Menstrual cycle: normal

female reproductive system

The menstrual cycle is the correct term for the cycle (usually monthly) in which a woman’s body releases an egg, prepares itself for fertilisation of the egg by sperm and creates an environment in the womb in which the fertilised egg could implant and form a developing embryo (baby). If the egg is not fertilised, the lining of the womb is shed from the body in what are commonly known as a woman’s ‘periods’.

The average age for girls to start to have their periods (menstruate) is around 12-13, usually about 2 years after the breasts first start to develop. Women continue having periods until the menopause, which occurs, on average, at about the age of 51.

The length of the menstrual cycle can vary from a short cycle of only 21 days to a long cycle of 42 days. The length of the cycle is calculated by counting the first day of bleeding as day 1 and then counting until the very last day before the next bleed (period). The length of the menstrual cycle is commonly described as 28 days, although this may be true for only one in 10 women.

Phases of the menstrual cycle

menstrual cycle

The menstrual cycle is generally thought of in separate phases; the time frames provided are based on a 28-day cycle.

The menses (bleeding or periods)

This commonly lasts from day 1 to day 5.

During this phase, if fertilisation of the egg hasn’t happened, the lining of the womb or uterus, which is called the endometrium, comes away from the uterus wall and the blood and tissues pass out via the vagina. Most women bleed for between 3 and 7 days.

The lining of the endometrium will end up about 1 mm thick at the end of the period. As well as the loss of the endometrial tissue, about 35 to 50 mL of blood is lost from the broken endometrial blood vessels in a typical period. This blood does not usually clot unless bleeding is very heavy.

The follicular phase

This phase is so-named because it is when the follicles in the ovary grow. About 3 to 30 follicles grow between days 8 and 10. Each follicle contains an egg, but by days 10 to 14 one follicle has overtaken the rest and has reached the correct stage of maturity.

During days 6 to 14, the lining of the uterus is repaired and, as can be seen on the diagram, builds up to be thicker. This is why this phase is also known as the proliferative phase. This is stimulated by oestrogen secreted from the ovaries. The lining of the uterus will now be about 3 mm thick and is also more velvety again.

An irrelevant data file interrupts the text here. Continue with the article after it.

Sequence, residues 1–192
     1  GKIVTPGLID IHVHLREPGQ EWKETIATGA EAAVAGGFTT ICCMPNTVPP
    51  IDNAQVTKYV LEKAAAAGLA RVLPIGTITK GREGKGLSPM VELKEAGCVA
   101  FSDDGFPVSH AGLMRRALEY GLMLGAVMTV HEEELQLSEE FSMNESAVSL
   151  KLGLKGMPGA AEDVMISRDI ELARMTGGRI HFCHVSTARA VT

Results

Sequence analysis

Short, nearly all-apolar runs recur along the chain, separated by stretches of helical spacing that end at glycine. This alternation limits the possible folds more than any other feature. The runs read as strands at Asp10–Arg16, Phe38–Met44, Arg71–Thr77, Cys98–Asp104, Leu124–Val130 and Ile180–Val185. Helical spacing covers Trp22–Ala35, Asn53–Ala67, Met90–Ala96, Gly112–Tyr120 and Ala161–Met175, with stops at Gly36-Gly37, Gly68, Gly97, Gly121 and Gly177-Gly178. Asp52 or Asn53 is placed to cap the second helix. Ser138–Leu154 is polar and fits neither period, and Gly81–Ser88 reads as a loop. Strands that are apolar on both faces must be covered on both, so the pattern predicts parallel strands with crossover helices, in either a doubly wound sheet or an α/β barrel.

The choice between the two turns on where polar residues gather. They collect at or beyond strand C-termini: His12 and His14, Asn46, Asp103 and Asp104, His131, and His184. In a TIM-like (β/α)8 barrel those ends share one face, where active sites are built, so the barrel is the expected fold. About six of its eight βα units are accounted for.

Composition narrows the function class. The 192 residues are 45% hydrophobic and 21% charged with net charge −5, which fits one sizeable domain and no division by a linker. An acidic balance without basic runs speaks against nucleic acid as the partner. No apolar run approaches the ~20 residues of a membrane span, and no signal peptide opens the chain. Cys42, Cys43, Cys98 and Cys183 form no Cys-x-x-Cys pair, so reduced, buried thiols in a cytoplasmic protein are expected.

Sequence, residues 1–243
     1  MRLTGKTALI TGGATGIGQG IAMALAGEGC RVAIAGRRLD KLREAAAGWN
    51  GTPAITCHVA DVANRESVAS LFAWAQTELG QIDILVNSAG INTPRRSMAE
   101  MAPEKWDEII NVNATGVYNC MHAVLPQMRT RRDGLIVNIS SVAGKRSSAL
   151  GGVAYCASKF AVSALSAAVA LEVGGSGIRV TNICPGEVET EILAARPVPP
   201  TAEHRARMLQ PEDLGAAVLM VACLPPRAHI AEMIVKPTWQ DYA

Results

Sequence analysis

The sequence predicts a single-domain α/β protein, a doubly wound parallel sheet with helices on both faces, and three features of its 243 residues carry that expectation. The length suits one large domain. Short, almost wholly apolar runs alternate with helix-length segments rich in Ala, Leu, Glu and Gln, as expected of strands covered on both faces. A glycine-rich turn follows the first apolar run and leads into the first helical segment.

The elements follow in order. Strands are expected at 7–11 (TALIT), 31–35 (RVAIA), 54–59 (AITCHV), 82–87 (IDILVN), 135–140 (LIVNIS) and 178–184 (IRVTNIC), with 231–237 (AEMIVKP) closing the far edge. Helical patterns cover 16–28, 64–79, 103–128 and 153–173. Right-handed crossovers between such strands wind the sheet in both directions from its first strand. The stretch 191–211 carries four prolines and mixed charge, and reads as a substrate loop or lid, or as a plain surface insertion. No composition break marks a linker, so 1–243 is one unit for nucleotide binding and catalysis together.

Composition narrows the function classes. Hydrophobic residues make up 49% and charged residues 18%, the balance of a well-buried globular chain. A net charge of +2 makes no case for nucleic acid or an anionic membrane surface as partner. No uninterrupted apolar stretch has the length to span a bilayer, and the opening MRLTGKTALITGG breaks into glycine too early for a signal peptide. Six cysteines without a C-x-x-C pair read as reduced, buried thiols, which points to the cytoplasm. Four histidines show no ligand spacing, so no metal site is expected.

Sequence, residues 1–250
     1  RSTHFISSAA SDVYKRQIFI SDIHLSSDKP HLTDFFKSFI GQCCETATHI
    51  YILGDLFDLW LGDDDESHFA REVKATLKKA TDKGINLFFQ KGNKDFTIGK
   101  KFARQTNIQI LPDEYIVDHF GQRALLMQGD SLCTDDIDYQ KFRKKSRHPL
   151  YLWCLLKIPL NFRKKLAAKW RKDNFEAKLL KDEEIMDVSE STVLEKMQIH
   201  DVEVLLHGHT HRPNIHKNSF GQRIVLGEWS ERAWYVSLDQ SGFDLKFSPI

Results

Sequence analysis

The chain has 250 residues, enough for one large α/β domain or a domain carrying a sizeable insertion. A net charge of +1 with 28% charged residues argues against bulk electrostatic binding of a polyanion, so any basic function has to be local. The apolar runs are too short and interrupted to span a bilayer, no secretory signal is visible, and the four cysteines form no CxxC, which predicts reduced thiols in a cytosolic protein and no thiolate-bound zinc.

A surge of luteinising hormone occurs roughly just before day 14 in a 28-day cycle. This surge stimulates the mature follicle in one of the ovaries to release its egg (ovulation) 16 to 32 hours later. The other follicles over-ripen and break down. Oestrogen also peaks during this surge. Some women can feel a pain on one side of the abdomen around the time the egg is released. This is known as ‘mittelschmerz’ — a German word translating as ‘middle pain’.

An egg is released from the right or left ovary at random and takes about 5 days to travel down the fallopian tube to the uterus.

The luteal or secretory phase

This phase follows ovulation and lasts from about day 15 to day 28. After the follicle ruptures as it releases its egg, it closes and forms a corpus luteum. The corpus luteum secretes more and more progesterone, which acts on glands in the endometrium and causes the endometrium to thicken and secrete fluid. The thickened, secretory endometrium can feed an embryo for a few days until a placenta has formed. Even if the egg is not fertilised and pregnancy has not happened, the secretory endometrium is still produced.

The progesterone secreted by the corpus luteum causes the temperature of the body to rise slightly until the start of the next period (see diagram). This rise in temperature can be plotted on a graph and gives an indication of when ovulation has occurred.

If the woman has not become pregnant the corpus luteum lasts about 14 days and then starts to break down. This is when progesterone production rapidly drops and the oestrogen level decreases. This lack of hormones causes blood vessels in the endometrium to go into spasm and they cut off the blood supply to the top layers of the endometrium. Without oxygen and nutrients from the blood, the endometrial cells begin to die, tissue breaks down and there is bleeding from the damaged blood vessels and so this is how the new menstrual cycle begins on about day 28.

Last Reviewed: 17 August 2015

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1. Merck Manual – consumer version. Menstrual cycle. (accessed Aug 2015).
2. Family Planning NSW. The menstrual cycle and period problems (updated Nov 2012). (accessed Aug 2015).
3. Jean Hailes. About the menstrual cycle (updated 27 Mar 2015). (accessed Aug 2015).


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